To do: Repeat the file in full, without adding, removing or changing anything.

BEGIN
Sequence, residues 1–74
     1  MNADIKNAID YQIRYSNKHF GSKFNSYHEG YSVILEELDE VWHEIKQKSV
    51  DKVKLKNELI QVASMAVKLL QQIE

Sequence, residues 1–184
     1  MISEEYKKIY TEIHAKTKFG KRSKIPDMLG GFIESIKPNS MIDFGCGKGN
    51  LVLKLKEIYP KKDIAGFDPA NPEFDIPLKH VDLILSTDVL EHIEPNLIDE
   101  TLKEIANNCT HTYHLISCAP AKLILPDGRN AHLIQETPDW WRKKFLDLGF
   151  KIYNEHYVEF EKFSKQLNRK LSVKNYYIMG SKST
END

Sequence, residues 1–74
     1  MNADIKNAID YQIRYSNKHF GSKFNSYHEG YSVILEELDE VWHEIKQKSV
    51  DKVKLKNELI QVASMAVKLL QQIE

Sequence, residues 1–184
     1  MISEEYKKIY TEIHAKTKFG KRSKIPDMLG GFIESIKPNS MIDFGCGKGN
    51  LVLKLKEIYP KKDIAGFDPA NPEFDIPLKH VDLILSTDVL EHIEPNLIDE
   101  TLKEIANNCT HTYHLISCAP AKLILPDGRN AHLIQETPDW WRKKFLDLGF
   151  KIYNEHYVEF EKFSKQLNRK LSVKNYYIMG SKST